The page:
To kill time until my table was ready I queued up for the Toy Story ride, the line for which had been almost an hour long all day. When I arrived around half three, it was at its quietest, at just over thirty minutes. So I stood in line, slowly taking tiny inch-long steps with what suddenly seemed like my very big shoes. The waiting time was in fact much shorter than I had expected, and soon enough I was at the front of the line, where I was asked to step into a little spinning car that shot imaginary balls at computer generated targets. Pirouetting and propelling the targets I was supposed to be firing at into oblivion seemed almost too easy, until the ride came to an end and I read the scoreboards. “Jordan” I was told had scored half a million points, whereas “Roger”, who still came in at second place, had won himself almost half that. I, on the other hand, had racked up merely a few thousand points.
I decided I had to meet the one they call Jordan. What was his secret? Was he equipped with bionic arms? Well, not quite. Jordan, I soon discovered, was actually a six-year-old blonde child wearing a Lilo and Stich t-shirt and a Disney Cars baseball cap. The only consolation was that at least I didn’t perform as poorly as his father, who looked like Vin Diesel, but alas shot more like a weasel—and an armless one at that.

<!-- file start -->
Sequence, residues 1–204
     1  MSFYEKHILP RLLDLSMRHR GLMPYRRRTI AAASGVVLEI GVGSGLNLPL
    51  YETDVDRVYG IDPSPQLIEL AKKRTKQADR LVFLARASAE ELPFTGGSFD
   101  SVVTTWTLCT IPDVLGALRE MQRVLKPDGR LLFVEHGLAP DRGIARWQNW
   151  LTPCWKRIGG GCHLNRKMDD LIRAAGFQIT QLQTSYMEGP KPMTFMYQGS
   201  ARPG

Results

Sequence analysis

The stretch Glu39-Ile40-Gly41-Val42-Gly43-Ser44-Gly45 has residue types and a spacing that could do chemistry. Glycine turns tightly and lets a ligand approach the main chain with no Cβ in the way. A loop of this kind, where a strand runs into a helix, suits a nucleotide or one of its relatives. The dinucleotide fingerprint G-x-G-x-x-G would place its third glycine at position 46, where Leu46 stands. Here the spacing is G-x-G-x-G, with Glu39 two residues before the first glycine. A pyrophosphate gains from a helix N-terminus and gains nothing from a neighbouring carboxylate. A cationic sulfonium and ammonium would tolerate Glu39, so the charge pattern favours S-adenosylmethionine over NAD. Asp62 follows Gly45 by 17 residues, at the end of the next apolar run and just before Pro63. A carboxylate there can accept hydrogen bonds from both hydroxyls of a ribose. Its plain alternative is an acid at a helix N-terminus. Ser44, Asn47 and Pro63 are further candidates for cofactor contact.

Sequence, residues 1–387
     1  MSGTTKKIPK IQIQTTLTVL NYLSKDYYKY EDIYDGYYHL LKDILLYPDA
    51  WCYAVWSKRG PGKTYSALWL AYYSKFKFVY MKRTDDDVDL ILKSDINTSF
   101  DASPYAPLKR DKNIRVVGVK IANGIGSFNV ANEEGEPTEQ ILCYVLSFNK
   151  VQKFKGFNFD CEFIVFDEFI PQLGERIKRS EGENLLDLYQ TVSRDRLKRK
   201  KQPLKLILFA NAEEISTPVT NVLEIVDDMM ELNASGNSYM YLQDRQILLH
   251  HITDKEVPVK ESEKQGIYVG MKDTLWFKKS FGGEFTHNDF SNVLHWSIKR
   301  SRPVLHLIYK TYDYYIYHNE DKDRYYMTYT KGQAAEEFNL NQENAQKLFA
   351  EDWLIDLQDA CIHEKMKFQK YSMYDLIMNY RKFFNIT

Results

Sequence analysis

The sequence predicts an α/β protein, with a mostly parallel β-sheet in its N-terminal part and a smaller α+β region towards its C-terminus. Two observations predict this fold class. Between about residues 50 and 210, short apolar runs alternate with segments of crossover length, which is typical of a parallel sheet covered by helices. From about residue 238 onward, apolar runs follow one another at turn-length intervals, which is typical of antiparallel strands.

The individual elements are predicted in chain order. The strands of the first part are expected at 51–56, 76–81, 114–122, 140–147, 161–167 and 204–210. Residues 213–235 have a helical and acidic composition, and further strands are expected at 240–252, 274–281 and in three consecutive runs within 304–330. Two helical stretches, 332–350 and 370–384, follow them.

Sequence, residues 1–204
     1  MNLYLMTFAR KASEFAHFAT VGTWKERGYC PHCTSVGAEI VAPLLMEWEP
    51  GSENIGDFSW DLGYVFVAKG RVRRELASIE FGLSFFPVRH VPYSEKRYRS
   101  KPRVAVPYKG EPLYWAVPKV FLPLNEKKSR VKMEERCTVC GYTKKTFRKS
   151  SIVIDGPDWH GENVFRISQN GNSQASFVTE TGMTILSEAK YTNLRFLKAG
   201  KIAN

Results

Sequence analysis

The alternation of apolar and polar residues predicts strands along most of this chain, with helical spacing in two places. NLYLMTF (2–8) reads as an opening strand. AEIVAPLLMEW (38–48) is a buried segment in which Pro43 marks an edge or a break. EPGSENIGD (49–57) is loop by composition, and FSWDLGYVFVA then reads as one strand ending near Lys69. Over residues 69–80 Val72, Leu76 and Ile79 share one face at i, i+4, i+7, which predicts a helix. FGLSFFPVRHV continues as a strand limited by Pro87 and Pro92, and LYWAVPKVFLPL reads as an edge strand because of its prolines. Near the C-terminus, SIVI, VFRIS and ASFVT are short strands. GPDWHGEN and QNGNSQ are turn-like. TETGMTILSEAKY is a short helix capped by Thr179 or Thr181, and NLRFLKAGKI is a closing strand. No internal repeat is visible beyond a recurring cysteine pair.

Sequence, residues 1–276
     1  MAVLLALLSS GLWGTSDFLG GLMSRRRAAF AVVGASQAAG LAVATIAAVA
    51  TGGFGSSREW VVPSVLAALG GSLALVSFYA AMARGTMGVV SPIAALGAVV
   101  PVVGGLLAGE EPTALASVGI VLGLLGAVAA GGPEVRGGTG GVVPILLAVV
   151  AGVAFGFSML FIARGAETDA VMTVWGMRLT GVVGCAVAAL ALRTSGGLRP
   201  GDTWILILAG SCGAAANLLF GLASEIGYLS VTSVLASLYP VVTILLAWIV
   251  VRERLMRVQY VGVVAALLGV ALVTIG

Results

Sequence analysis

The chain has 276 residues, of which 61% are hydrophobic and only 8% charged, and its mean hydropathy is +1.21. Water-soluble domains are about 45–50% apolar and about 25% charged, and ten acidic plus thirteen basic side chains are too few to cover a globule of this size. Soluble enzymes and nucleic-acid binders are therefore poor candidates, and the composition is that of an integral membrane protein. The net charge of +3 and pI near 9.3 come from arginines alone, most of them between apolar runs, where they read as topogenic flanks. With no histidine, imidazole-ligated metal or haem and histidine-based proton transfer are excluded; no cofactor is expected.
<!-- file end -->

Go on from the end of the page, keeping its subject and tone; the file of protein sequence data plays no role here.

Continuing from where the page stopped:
By the time I was done embarrassing myself, there wasn’t long until my table would be ready at the Prime Time Café, and so I headed over in that direction. Before I was seated I explored the entrance, where there was an old fashioned television lit up with images of Dick Van Dyke during his glory years as the host of his now legendary show. The restaurant itself resembled at a 1950s American kitchen, and the food on the menu had been made to match. There was fried chicken, shakes and burgers: nothing out of the ordinary, but it all seemed to be receiving a decent enough reception from other customers—although, having said that, anything that is considered vaguely edible is well received by the park guests at Disney World.
I ordered the vegetarian spaghetti and “meatballs” and some kind of high-fat milk shake that I had to consume with a straw, which was such a strain to suck up that I almost gave my face a hernia. It was a fine meal nevertheless, and the waitress, who insisted on being called “Mom”, certainly provided the entertainment, telling one of my dinner guests to take his elbows off the table and repeatedly referring to me as “Skippy”. It was all part of the act, of course: she wasn’t having some sort of bizarre breakdown. This was the 1950s experience, and it was fun to play along in between courses, even if I had to be Skippy.